When a match-play competition will be played over an extended period and players in a match are allowed to agree on when to play during that period, the Committee should:
Set a date and time by which each match must be completed.
Specify how the result of the match will be decided should the players fail to complete the match by the specified date, such as disqualifying both players or putting the player named first or second in the draw into the next round.
In match play, the Committee sets the draw showing who will play in each match or otherwise specifies how matches are to be determined. When it is possible it is best for each match to have its own starting time, but there may be times when two matches will be started together.
In stroke play, a player or side always needs to have someone other than the player or a member of the side to mark the scorecard. The Committee may specify or restrict who may act as the marker for each player by specifying that the marker must be a player in the same competition and group, a player with a handicap, or in some other way.
In a format where two or more partners compete together as a side (for example, in a Foursomes or Four-Ball competition), they are not permitted to act as the side’s marker. Where the number of sides for a partner format is not even, the Committee may need to find a marker for a side playing on its own or choose to have a group containing three sides.
The Committee may define a specific area at or near the first teeing area where players must be present and ready to play at the starting time (see Rule 5.3a).
This may be defined by painted lines on the ground, by ropes or in some other way.
The Committee can set its own Pace of Play Policy adopted as a Local Rule (see Rule 5.6b). In practice the nature of such a Policy will be dependent on the number of Committee members available to implement it (see Section 8K).
Pace of Play Policies may contain:
A maximum time to complete a round, a hole or series of holes or a stroke.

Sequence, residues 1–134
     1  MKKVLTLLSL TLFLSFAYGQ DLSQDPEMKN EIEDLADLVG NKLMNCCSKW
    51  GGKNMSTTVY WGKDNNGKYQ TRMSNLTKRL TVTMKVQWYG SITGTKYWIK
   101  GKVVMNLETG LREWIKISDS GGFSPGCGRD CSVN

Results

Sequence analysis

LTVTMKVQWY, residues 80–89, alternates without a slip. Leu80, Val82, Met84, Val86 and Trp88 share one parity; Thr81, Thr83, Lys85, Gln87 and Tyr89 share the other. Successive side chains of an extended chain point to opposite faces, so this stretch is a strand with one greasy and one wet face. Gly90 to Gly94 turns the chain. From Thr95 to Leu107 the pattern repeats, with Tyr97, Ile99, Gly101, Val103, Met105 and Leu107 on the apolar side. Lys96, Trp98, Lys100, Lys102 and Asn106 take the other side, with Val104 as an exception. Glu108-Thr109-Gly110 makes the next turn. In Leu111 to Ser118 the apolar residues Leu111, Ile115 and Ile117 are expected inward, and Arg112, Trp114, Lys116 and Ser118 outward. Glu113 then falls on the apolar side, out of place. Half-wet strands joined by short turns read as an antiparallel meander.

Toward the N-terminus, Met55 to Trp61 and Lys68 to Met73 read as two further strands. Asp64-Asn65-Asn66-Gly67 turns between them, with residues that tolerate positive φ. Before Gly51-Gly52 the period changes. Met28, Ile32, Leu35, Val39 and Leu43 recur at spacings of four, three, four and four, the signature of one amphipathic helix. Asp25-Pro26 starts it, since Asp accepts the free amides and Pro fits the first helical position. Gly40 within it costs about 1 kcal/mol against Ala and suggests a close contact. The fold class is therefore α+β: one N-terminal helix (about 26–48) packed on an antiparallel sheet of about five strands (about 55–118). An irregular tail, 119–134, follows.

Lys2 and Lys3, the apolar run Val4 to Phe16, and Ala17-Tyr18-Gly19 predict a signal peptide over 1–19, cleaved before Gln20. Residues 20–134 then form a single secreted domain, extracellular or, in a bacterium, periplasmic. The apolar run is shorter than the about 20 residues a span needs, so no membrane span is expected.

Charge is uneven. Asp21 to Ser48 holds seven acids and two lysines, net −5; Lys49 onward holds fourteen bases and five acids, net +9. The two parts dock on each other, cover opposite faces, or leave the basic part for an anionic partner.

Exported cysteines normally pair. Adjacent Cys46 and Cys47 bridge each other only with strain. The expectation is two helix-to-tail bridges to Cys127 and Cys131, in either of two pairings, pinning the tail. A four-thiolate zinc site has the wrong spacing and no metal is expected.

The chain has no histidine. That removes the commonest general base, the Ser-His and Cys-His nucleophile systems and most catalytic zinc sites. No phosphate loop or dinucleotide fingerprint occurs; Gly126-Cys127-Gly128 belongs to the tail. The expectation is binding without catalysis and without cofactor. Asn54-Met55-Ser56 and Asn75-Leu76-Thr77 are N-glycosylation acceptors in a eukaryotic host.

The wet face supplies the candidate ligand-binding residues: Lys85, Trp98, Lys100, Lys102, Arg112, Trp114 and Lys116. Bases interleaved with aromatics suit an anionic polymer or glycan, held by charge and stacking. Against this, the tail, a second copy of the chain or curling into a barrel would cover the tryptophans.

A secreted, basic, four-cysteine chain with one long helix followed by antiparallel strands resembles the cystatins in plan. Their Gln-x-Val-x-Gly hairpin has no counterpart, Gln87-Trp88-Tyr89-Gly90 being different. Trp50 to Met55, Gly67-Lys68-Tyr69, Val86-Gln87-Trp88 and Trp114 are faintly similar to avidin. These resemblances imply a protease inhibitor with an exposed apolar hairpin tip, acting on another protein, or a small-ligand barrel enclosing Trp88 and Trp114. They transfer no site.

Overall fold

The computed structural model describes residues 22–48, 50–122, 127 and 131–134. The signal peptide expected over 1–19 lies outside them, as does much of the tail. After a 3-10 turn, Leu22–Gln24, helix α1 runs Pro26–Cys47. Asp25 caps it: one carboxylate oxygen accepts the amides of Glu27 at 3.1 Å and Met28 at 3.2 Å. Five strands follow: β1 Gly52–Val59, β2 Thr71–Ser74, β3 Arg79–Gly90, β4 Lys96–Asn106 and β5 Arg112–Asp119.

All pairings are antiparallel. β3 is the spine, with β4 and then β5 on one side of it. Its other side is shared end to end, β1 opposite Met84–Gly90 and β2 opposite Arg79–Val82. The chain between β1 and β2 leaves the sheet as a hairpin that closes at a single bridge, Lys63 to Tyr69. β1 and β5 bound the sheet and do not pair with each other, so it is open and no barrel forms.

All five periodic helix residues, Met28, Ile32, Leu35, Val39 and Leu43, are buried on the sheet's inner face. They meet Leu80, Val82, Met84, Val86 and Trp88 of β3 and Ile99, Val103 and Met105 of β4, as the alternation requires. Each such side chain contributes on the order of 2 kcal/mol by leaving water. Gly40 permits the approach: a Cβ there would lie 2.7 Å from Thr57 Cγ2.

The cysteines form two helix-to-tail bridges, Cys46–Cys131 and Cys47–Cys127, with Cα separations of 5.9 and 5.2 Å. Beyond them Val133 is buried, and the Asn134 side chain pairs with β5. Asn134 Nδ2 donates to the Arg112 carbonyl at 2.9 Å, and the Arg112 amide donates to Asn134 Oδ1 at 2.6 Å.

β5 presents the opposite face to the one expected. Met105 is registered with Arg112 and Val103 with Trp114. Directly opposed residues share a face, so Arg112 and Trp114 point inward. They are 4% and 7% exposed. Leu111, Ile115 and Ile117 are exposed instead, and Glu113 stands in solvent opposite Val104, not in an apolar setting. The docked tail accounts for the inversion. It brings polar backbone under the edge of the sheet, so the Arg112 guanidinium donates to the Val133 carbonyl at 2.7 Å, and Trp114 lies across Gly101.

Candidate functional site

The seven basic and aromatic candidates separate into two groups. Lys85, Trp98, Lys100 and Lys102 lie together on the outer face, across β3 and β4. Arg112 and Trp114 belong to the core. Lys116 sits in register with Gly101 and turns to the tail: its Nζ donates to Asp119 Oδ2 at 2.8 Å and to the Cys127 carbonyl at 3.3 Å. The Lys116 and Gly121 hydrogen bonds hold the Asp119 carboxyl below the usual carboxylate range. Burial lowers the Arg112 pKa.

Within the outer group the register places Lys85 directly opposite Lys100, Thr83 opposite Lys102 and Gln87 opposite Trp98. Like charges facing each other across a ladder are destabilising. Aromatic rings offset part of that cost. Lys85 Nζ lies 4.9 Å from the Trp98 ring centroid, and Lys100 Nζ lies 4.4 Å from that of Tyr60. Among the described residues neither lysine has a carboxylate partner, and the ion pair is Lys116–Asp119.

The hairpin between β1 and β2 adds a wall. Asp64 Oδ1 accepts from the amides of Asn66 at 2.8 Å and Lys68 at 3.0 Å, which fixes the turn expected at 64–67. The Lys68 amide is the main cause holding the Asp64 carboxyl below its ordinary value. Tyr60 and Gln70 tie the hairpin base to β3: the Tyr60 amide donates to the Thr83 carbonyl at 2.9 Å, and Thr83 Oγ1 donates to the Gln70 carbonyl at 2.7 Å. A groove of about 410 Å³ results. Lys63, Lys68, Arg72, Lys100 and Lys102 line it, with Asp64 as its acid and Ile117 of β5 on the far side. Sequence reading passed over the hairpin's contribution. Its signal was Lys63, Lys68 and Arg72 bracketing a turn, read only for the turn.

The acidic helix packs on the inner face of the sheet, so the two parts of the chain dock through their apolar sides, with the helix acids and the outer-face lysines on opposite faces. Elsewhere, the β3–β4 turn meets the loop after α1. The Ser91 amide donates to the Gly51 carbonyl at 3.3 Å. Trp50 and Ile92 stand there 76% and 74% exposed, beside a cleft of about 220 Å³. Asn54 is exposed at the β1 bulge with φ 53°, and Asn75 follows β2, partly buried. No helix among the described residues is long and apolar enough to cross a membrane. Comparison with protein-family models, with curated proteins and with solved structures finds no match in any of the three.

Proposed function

A definition of when the first group is out of position and when each other group is out of position in relation to the group playing ahead of it.
When and how a group or individual players may be monitored or timed.
If and when players may be warned that they are being timed or have had a bad time.
The penalty structure for breaches of the Policy.
The Committee is responsible for making sure that a competition is played at a prompt pace of play. What is considered a prompt pace can be different based on the course, size of the entry and number of players in each group. To do this:
The Committee should adopt a Local Rule setting a Pace of Play Policy (see Rule 5.6b).
Such a Policy should at least set a maximum time for completing the round or parts of the round.
The Policy should stipulate any penalties for a player’s failure to comply with the Policy.
The Committee should also be aware of other actions that they can take to have a positive impact on pace of play. These include:
Management practices such as reducing group sizes, increasing starting intervals and introducing starter’s gaps.
Considering fundamental changes to course set up such as widening fairways, reducing the thickness or length of rough, or reducing the speed of greens. When changes such as these are made to the course, the Committee should consult the rules or recommendations contained within the Handicap System operating in the local jurisdiction to assess the impact on the issued Course Rating and follow the procedures to make any necessary adjustments.
The Committee may set its own standards of player conduct in a Code of Conduct adopted as a Local Rule (see Rule 1.2b). If the Committee does not set a Code of Conduct, it is restricted in penalizing players for inappropriate conduct to using Rule 1.2a. The only penalty available for an act that is contrary to the spirit of the game under that Rule is disqualification (see Section 5H(4) for more information).
In setting a Code of Conduct, the Committee should consider the following: